Hello, I'm fedellen and welcome to episode 2 of my new Monday devlog series. I can already feel the difference in how productive this simple routine can be. The healthiest part is probably outlining a couple achievable dev goals every week. Our main goal this week was to put some polish on our Early Reveal Trailer as well as prepare our Press Kit and Press Release for some sort of formal announcement of Sonar Smash. Basically I'm just making up a reason to contact the press as early as possible as we prepare to push into a community beta.
Early Reveal Trailer and Press Kit
For the majority of the week abonbon has been out of the country working on a show for her day job but we did manage to collaborate on preparing our trailer. I may post a ton of videos on twitter but my video editing skills are still a work in progress; luckily abonbon has valuable video editing experience. The black sidebars on all of my videos is fine for posting my game dev updates but they didn't look appealing to me when I presented my Astral Defense trailers. We have decided to try something new with some big bubbles floating around and a couple watermarks.
I'm quite pleased with the game play content and the general pacing I've used with the clips. My target length was 45 seconds but it ended up at just over a minute. I wanted to showcase a small snippet of all 7 sonar abilities and of course some cool things that happened during my recording. Along with the trailer will be the unveiling of an awesome original track composed by abstractionMusic. The trailer is all ready to go and our plan is to upload it to our YouTube on Tuesday and then to push it to our social media accounts on Wednesday.
The Press Kit came together pretty easily due to some swift copy pasting from the Astral Defense kit. We have a lot more to add and change before launch but I'm feeling good about it for now. I cannot stress how important of a step getting this all set up as early as you can for your games is. The articles I had written about my tiny game took information directly from my press kit and in some cases were basically carbon copies. My homemade press release is also ready to go and distribute.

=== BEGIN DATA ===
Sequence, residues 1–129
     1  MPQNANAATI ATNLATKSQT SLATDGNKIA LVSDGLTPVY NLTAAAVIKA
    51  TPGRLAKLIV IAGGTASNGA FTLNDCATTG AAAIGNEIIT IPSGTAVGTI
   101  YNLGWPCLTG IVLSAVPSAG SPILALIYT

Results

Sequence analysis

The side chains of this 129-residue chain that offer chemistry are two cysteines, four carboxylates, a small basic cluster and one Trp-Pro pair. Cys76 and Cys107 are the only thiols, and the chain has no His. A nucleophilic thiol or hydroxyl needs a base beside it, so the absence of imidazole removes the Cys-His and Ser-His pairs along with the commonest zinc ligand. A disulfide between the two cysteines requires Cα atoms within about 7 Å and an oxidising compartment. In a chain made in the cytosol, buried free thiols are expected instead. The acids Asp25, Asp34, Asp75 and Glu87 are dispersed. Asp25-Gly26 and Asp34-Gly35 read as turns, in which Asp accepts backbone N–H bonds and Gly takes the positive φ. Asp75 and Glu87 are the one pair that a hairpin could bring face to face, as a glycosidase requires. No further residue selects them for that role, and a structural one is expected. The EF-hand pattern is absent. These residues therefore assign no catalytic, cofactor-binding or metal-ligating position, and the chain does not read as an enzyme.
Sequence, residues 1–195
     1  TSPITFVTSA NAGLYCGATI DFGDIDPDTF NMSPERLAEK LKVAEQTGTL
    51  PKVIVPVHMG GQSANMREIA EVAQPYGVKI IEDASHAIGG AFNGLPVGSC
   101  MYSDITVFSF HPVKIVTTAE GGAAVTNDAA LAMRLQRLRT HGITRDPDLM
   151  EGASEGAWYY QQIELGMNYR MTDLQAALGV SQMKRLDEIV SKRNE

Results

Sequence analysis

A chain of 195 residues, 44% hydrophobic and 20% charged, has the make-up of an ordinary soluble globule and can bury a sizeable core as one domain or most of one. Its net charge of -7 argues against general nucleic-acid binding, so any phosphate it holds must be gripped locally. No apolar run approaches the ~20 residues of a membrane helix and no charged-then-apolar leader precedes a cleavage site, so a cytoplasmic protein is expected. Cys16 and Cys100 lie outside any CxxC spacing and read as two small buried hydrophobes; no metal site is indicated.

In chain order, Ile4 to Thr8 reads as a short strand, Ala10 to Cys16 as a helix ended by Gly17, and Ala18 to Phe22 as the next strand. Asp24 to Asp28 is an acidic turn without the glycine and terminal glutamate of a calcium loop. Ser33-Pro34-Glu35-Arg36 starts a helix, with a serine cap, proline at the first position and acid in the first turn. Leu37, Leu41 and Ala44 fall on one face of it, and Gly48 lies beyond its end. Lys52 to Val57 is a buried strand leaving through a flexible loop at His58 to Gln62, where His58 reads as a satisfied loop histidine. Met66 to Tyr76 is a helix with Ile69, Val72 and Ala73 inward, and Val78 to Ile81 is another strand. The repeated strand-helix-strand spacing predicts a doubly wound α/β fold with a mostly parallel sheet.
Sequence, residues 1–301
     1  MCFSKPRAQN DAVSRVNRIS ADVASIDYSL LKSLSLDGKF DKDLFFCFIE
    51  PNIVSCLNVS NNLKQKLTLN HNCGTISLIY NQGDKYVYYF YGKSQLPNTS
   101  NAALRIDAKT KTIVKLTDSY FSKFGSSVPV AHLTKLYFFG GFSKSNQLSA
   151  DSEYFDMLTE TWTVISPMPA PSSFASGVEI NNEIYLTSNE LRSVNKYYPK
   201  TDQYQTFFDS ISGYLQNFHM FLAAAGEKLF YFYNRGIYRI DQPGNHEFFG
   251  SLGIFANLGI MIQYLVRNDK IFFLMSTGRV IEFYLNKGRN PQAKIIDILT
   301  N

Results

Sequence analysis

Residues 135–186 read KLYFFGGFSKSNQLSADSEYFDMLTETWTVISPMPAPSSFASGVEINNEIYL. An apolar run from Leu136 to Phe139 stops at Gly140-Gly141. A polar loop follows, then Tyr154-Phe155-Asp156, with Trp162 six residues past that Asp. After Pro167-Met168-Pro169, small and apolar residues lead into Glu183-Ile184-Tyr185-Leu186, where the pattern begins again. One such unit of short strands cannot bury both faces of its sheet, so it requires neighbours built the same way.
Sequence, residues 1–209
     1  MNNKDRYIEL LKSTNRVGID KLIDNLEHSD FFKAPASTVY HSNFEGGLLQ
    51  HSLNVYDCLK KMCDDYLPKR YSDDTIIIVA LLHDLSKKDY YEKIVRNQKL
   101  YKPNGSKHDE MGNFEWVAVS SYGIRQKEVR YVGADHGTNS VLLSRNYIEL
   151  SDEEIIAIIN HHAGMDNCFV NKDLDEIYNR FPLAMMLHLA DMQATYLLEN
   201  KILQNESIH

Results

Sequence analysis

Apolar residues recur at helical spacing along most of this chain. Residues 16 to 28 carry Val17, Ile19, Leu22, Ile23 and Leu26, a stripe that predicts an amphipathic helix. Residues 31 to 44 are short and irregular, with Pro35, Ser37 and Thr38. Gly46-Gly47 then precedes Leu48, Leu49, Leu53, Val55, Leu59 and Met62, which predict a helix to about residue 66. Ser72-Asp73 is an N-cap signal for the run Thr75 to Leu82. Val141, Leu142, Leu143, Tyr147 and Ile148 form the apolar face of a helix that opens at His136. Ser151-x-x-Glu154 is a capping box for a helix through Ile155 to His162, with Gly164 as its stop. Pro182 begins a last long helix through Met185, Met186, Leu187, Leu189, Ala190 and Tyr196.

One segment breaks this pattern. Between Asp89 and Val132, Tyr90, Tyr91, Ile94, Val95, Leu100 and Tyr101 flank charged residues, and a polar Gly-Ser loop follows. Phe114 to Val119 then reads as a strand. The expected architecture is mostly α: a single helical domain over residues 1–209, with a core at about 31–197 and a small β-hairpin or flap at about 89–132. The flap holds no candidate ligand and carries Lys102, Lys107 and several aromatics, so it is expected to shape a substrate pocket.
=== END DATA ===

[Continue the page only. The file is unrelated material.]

It feels really good to have this practice run and was relatively effortless to set up. Having just done all these steps for a full game launch does have it's advantages. I'm doing my best to set up a good pipeline for contacting the press and setting up our pages as early as possible for our projects. Nobody knows about your game unless you tell them, then they need somewhere to follow your progress. Now we can tweak and polish everything over the coming months.
Hard Coding Things
Although time was pretty limited this week I'm very proud of what we accomplished. I credit some of this to some good advice recently about simply hard coding things. You can spend days trying to figure out the "best" way to program something or trying to make an over-engineered behavior in which you can copy paste into future projects. For fledgling indie devs the probable truth is that you're going to be more experienced next time around and aren't even going to use said over-engineered behavior because you've learned how code more efficiently. Performance wise nothing has changed for me from simply hard coding a bunch of menu screens when game play isn't even present.
We have some very clear marketing tasks in the front end of next week. First and foremost will be the launching of our Early Reveal Trailer tomorrow. I'll be hitting a few of my existing press contacts and researching some new ones on Tuesday night. On Wednesday we'll upload it through our social media channels and I'll email my press release around to more contacts and self submission sites. It seems like a lot but I'm going to treat it every bit like a game launch so we can learn more about what works and doesn't work.